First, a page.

The fight that initially jumped out at me was JORDAN GILL against Recce Bellotti, both of whom were highly-touted before surprise defeats, and this one could well steal the show.
While you are struggling to get better than 1/4 for Gill, Bellotti is very dangerous with his heavy hands and the 7/2 available about the latter at the time of writing may not be around for much longer if the support for him so far this week continues.
Bellotti showcased his power en route to winning first his first 12 outings, 11 of which came early, and looked to be really going places, only for Ryan Doyle to not read the script and stop the Watford man in five rounds when they met just over two years ago.
The same Ryan Doyle was then dismantled over seven sessions by Gill next time out in a brilliant display that left many believing the Dave Coldwell-trained fighter could go all the way to claim world honours, which made his eight-round defeat to unknown Mexican Mario Enrique Tinoco in May last year all the more shocking. There may have been reasons for that lacklustre performance, however, as strong rumours suggest he was ill with stomach problems during fight week and simply refused to pull out of his first headline show. This is his chance to get back on track.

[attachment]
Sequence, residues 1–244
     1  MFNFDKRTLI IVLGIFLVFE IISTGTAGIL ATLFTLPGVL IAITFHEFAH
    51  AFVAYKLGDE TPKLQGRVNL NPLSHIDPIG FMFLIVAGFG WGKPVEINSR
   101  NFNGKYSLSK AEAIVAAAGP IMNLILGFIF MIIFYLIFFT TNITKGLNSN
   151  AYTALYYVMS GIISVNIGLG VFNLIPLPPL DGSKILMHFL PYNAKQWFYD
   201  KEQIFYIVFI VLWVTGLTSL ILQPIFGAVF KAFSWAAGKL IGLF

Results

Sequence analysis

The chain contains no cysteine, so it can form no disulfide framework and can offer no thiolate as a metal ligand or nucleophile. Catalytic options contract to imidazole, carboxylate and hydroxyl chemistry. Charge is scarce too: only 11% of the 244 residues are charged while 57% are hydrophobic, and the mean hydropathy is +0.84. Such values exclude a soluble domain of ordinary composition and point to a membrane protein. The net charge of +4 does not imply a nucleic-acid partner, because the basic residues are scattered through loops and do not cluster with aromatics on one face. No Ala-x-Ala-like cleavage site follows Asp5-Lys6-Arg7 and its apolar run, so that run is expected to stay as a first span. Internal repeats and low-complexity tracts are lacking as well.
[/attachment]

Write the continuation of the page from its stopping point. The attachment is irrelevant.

Bellotti is always dangerous with his heavy artillery and will bring heat for as long as he is in there, but Gill has all the tools to disarm 'The Bomber' and remind us of what he is capable of. 'The Thrill' has lovely feet and moves well, while dishing out sharp and accurate punches from a varied arsenal, and is fancied to repeatedly make his opponent pay and rack up the points here. Bellotti has lost two narrow split decisions in his four outings since the Doyle defeat and another scorecard loss could be on the horizon here, with the skilful Gill unlikely to want to engage too much at close quarters, and he rates a solid bet at 11/10 to get the nod from the judges.
In another match up of banger versus boxer, JAMES TENNYSON is fancied to makes his experience count against Gavin Gwynne in what should be another entertaining encounter - while it lasts.
Tennyson is all action and tends to either stop his man or get stopped, with 22 of his 26 victories coming early and all three defeats ending before the halfway mark. The latest of those was in a world title tilt against Tevin Farmer in America, form which will stand him in very good stead in this contest, and wins over the likes of Martin J. Ward and Craig Evans (last time out) are much better than any victims of Gwynne.
The Welshman did step up in class to take on talented compatriot Joe Cordina last year, but that resulted in his sole defeat in 12 fights via a wide points margin. At 6'0”, he is huge for a lightweight but doesn't really sit down on his punches, as a record of only two stoppages tells you, and his tactics will be to try and outbox his shorter opponent.
However, with little fear of what is coming back, Tennyson may be able to catch up with him and his chances of getting a fifth straight stoppage victory since stepping up to the 135lb division are helped by the fact that this is a 12-rounder. He can get the job done inside the distance, which is a tempting 11/8, but he is more likely to do it in the latter stages, just as he did against Evans (round 11) last time, and the 4/1 about the Belfast native getting another second half stoppage rates the value option.
Posted at 1015 BST on 31/07/20